Continuing my journey of the Hard Luck Hank series in audiobook, next up was Stank Delicious. Each book in the series reinvents the world of Hank just a little. In this case, everything has moved on a few years since the events of the previous books. Nobles are bedded in even deeper into Belvaille, and Hank is scratching out a living once more as a go-between.
Cliston, Hank’s Dredel Led butler, expands his role in this one to prove just how good at everything he is. From sports agent, glocken team manager, and so on, Cliston takes his 15% from anyone and everything he can. An odd choice was made to make his voice more robotic since the last, and I’m not really a fan. I much preferred his posh, unaltered accent.
Finally, with this book, we get to experience the game of glocken in all its manic, psychopathic glory. Campbell does an excellent job of getting the rules and the idea behind the made-up game across so it’s easy to follow along. Taking away the mutants and the insanity of it all, I could see it as a game that could actually exist one day. I’d watch it!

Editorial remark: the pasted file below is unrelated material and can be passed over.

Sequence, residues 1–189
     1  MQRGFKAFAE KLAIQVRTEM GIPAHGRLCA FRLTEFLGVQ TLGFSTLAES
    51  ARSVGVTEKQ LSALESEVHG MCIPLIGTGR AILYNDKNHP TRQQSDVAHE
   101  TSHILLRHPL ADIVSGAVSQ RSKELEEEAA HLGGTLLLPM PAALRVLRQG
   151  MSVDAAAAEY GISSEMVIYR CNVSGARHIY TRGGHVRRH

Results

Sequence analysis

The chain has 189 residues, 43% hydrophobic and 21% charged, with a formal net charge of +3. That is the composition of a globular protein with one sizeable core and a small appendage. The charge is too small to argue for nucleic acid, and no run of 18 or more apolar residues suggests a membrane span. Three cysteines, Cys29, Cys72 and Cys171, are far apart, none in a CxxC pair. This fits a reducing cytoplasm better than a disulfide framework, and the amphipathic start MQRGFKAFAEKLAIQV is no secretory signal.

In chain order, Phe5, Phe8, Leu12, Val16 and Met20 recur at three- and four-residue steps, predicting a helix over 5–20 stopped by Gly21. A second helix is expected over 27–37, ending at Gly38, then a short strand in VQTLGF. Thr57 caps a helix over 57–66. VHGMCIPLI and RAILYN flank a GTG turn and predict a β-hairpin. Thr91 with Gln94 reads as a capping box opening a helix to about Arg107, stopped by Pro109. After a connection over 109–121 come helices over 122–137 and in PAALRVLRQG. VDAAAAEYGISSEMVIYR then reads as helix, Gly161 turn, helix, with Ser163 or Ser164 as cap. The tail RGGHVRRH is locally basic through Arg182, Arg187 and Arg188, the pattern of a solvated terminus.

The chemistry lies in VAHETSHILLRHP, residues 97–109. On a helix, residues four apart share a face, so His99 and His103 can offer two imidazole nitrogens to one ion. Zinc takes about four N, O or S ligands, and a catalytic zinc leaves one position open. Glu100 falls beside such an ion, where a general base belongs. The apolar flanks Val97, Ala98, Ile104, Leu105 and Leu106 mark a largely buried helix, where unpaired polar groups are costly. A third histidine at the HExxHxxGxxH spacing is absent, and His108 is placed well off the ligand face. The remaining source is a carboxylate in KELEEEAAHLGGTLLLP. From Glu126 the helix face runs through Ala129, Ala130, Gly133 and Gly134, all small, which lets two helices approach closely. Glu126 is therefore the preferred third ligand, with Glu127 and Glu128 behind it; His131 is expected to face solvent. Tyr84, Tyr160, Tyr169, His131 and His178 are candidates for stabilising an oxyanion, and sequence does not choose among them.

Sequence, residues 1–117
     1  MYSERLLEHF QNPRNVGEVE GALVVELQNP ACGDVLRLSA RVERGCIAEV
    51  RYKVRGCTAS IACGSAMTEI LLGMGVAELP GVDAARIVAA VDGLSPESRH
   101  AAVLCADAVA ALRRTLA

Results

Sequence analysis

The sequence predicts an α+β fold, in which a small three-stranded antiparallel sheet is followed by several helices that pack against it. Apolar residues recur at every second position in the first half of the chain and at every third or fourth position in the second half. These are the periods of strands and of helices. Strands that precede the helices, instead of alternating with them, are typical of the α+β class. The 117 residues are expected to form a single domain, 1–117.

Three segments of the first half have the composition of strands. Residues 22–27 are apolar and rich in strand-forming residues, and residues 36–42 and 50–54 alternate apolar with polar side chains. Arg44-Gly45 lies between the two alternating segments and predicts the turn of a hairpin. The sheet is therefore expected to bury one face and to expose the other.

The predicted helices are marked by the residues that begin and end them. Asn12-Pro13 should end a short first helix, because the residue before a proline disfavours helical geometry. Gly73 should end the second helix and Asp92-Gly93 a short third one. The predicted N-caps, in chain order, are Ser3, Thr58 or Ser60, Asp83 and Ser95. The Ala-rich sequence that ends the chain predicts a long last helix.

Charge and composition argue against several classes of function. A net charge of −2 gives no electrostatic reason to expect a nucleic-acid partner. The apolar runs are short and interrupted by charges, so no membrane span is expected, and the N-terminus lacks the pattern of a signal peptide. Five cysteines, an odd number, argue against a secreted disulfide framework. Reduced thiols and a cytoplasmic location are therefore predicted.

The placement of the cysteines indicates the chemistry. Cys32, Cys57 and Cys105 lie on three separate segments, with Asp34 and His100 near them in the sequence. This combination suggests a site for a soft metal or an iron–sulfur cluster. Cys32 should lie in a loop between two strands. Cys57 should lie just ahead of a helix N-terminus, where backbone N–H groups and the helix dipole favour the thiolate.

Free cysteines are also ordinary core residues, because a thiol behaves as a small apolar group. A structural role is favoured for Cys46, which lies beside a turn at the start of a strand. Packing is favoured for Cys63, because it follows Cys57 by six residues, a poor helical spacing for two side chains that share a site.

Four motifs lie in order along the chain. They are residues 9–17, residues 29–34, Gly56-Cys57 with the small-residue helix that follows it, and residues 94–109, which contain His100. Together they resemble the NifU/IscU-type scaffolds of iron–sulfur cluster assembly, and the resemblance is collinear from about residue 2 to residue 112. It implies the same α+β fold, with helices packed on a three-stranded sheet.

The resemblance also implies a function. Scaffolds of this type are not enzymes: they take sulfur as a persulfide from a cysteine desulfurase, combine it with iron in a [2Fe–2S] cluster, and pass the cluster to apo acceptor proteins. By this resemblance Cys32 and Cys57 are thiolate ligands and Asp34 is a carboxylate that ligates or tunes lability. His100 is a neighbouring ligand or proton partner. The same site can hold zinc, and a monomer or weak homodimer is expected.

Hank gets roped into playing Super Class Glocken – the highest level of the sport there is. Hank becomes “Stank Delicious” and gets to play against the team he has followed all of his life; the Reskin Sleepers, famous for the longest losing streak of anything ever. Spanning thousands of years, the drought looks about to break.
With the Hank books, I love how you jump in at virtually any point in the series and be caught up. The basics of life on the station are always covered off quickly, and because life has always moved on, you can pick up any book and jump right in with no background knowledge of the prior books. Of course, it certainly doesn’t hurt as you get to know the characters and some of their motivations over that time, but like I said, not mandatory.
Narration by Liam Owen again continues to grind my gears, but at this stage, I’m in some kind of resigned acceptance of while I don’t particularly like his style for Hank. At this stage, I’m used to it enough. Less of that high-pitched background noise that has plagued the books so far, too, which is good. It’s still there occasionally, but a lot less often. Occasional editing issues, small clicks and the like that should have been edited out.
Overall, another fun Hank adventure. The new character of “Gun” is one of my favourites. Completely unaware or uncaring of anything beyond what it can see and talks in philosophical musings, Hank finally has a gun he can shoot with and not miss.